Lev Tahor blends the singing of the traditional liturgy of the Friday evening service with contemporary English readings and reflections. All are welcome to come as they are, from wherever they are, and enjoy the space created together. Part of the vision behind Lev Tahor involves bringing together different voices from our community to create a joyous, moving Kabbalat Shabbat and Maariv experience for all of us. Whether or not you know the words, we hope you will join in. Humming and la, la, la always work as a way to add your voice to the community. There is no “right” way to participate. We are all building this community together.
Lev Tahor services, held on the first Friday night of the month are followed by a dairy/pareve potluck dinner and program.
Lev Tahor and Latke-Hamantaschen Debate
Friday, March 3 | 6:30PM
Join us for our somewhat-annual Latke-Hamantaschen debate, following our all-sung lay-led Lev Tahor service (beginning at 6:30PM). First enjoy a delicious "fake treif" potluck dinner (parve, dairy, kosher fish, and vegetarian interpretations of all those forbidden foods). Then sit back and enjoy the scholarship of some of our most illustrious members as they provide exegeses on the relative merits (and flaws) of the lovely latke and the heroic hamantaschen. Past PSJC scholarship explored the archaeological roots of the latke, the psychosocial development of hamantaschen, and a mathematical proof that the two foods are equivalent! RSVP requested.
Last Lev Tahor
Lev Tahor: Tikkun Olam, via the Gowanus Canal Conservancy
Friday, December 2 | 6:30PM
Please save the date and plan to join Lev Tahor, PSJC's all-sung, lay-led Kabbalat Shabbat Service. Services will be followed by a dairy/parve pot luck dinner -- RSVP here -- and a presentation by the Conservancy, a 10-year-old local nonprofit that aims to transform a onetime Superfund site into a clean, safe, accessible Brooklyn waterway. Learn how they moved from idea to reality -- and bring your questions about grass-roots projects that lead to real change. Please be sure to sign up!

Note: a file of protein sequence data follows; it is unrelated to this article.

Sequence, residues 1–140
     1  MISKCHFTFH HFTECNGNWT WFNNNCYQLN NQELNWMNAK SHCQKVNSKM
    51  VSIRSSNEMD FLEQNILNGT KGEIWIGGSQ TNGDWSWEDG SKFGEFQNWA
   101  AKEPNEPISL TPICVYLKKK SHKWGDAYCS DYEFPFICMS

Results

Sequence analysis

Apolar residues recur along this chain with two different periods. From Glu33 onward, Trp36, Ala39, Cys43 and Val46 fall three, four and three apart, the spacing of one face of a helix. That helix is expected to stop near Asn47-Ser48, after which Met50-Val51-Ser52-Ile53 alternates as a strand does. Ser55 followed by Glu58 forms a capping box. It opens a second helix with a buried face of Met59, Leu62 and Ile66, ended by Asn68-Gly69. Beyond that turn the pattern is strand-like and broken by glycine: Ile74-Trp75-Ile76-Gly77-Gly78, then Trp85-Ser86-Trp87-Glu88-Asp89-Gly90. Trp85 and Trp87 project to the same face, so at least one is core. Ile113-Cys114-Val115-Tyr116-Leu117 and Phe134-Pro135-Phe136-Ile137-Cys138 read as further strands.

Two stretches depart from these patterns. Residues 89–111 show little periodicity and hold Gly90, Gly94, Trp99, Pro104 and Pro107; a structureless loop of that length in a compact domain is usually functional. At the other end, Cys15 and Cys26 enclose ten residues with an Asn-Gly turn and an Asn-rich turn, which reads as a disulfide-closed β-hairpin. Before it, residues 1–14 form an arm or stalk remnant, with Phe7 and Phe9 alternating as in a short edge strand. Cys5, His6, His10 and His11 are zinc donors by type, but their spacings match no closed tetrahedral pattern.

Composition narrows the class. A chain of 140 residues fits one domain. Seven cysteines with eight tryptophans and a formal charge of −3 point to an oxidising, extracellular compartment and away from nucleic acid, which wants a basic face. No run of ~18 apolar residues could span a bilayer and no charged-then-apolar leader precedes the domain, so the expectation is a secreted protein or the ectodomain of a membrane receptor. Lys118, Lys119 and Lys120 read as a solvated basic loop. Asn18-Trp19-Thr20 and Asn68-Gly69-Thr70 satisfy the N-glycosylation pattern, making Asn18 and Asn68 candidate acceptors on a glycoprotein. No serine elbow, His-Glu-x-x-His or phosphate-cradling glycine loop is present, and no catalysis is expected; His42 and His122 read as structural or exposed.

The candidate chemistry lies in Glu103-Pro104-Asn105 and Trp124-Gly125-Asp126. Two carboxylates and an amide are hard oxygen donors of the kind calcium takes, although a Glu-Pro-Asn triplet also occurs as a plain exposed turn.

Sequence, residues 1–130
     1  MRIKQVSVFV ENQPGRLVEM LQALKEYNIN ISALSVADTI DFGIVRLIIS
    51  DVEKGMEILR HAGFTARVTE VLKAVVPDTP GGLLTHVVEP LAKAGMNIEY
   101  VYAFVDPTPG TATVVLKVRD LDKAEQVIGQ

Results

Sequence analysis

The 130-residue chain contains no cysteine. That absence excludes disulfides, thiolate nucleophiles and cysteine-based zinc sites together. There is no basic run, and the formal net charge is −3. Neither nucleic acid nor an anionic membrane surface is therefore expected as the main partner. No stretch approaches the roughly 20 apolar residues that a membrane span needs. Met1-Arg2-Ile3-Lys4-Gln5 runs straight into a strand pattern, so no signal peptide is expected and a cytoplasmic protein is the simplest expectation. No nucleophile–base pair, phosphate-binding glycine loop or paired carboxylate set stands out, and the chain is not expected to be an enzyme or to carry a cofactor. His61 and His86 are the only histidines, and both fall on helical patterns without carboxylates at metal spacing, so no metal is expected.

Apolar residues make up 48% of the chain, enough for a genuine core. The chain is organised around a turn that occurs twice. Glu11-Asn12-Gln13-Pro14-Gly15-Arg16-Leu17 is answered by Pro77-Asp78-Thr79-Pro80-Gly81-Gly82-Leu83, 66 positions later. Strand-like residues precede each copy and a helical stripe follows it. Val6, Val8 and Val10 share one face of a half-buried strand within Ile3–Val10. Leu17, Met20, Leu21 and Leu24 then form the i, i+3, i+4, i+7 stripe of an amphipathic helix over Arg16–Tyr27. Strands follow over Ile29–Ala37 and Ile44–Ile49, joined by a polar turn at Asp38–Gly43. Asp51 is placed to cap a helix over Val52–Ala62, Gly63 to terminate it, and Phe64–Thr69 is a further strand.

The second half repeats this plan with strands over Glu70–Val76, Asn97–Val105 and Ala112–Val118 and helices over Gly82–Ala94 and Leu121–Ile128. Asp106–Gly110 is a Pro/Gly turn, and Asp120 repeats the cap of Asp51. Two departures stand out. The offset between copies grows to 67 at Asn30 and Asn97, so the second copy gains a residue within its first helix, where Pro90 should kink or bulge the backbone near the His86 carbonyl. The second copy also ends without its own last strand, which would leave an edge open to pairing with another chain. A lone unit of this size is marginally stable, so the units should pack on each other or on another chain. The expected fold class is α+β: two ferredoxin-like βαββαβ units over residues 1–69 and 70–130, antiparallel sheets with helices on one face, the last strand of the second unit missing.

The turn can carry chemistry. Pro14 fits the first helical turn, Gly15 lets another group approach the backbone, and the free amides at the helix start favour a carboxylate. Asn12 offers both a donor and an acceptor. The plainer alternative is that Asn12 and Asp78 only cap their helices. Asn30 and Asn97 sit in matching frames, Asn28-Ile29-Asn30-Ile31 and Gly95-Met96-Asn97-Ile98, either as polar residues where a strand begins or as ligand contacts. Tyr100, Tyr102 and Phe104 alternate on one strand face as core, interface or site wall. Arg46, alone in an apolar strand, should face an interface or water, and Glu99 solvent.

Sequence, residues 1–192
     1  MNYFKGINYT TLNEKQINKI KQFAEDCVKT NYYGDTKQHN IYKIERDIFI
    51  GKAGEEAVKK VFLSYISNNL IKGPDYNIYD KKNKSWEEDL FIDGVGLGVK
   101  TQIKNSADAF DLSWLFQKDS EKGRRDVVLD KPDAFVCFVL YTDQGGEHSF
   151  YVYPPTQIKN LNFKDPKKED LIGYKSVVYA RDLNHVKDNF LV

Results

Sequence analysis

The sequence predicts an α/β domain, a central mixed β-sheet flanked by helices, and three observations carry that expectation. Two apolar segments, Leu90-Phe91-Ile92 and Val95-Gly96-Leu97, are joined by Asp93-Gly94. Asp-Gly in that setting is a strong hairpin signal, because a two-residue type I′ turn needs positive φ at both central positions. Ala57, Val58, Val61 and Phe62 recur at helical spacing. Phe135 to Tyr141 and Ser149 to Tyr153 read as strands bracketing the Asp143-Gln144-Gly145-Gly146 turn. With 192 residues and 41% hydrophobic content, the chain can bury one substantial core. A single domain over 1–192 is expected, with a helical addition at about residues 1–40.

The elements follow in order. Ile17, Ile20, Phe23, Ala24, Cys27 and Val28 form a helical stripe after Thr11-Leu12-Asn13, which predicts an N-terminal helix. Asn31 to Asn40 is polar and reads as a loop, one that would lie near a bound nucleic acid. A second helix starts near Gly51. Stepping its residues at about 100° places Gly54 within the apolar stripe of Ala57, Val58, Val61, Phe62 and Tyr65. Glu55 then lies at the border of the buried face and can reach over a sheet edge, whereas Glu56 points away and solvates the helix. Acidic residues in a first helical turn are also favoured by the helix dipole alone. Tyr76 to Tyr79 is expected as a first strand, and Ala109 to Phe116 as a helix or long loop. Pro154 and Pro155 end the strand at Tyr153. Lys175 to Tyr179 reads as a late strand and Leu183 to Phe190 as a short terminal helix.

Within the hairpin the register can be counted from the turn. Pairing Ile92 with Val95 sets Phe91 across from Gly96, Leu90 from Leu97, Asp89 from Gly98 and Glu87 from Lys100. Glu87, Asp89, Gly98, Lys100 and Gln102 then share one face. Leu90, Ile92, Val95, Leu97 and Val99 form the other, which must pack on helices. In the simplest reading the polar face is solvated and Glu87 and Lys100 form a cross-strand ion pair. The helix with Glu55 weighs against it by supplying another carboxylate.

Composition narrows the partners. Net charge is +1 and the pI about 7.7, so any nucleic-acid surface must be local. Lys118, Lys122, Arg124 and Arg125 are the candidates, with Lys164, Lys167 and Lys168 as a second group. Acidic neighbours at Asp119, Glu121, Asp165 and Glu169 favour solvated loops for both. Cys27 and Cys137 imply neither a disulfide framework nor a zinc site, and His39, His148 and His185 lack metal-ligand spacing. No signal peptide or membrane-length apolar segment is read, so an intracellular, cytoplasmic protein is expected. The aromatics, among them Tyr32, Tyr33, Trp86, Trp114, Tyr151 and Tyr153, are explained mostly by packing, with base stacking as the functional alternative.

The service begins with Yedid Nefesh on page 252 in Sim Shalom. During the service, page numbers are not announced, but there will be a binder showing the current page number. Please keep your eyes out for it as needed. In general, the service progresses through the siddur without a lot of skipping around. During Kabbalat Shabbat, we proceed through a series of psalms and L’kha Dodi, as we recall the week that has just passed. Sometimes we sing the psalms together, all the way through.
If you do not read Hebrew, please ask an usher or the Rabbi Carter for a transliteration of the service. Note that the silent prayer during the Ma’ariv service is not transliterated. Please feel free to use the English translation in the siddur or the prayers in your heart.
There is a choreography to the service that may be confusing at times. Certain prayers are said standing, while others are said sitting. Please feel free to look around and find someone to follow as you are comfortable. Remember, if it is difficult for you to stand, you can feel free to sit at any time.
Following services, we hope you'll stay for kiddush, (wine and grape juice), hamotzi,(challah) and cookies.
Lev Tahor with Author Shulem Deen
Friday, January 8 | 6:30PM
And get your 2016 calendar ready: Save the date, January 8, for an extraordinary literary evening at PSJC, when author Shulem Deen (“All Who Go Do Not Return”) will be our guest and teacher. (Get the book at shul member Ezra Goldstein's Community Books or Terrace Books -- or at the BPL, NYPL or electronically.) Link for January dinner here.
Lev Tahor: Human Rights Shabbat
Friday, December 4 | 6:30 PM
Join Rabbi Carie Carter at Lev Tahor services on Human Rights Shabbat. We look forward to learning with Rabbi Carie about how we can advance and promote human rights in our everyday lives, and about current human rights campaigns in the Jewish world. Services are followed by a dairy/pareve potluck dinner, to which all are invited. (Sign up here.)
Lev Tahor Services followed by a Potluck Dinner and Program with Max Nissen, PSJC Rabbinic Intern
Friday, November 6 | 6:30 PM
Heretics and Believers In an Age of Reason: Is belief reasonable in a modern and post-modern world? What might it mean to affirm both belief and a scientific worldview? Are we all heretics in classical Jewish terms? And is that a bad thing? Please join us as we discuss these questions and explore our own spiritual biographies, struggles, and discoveries. Sign up for the potluck here.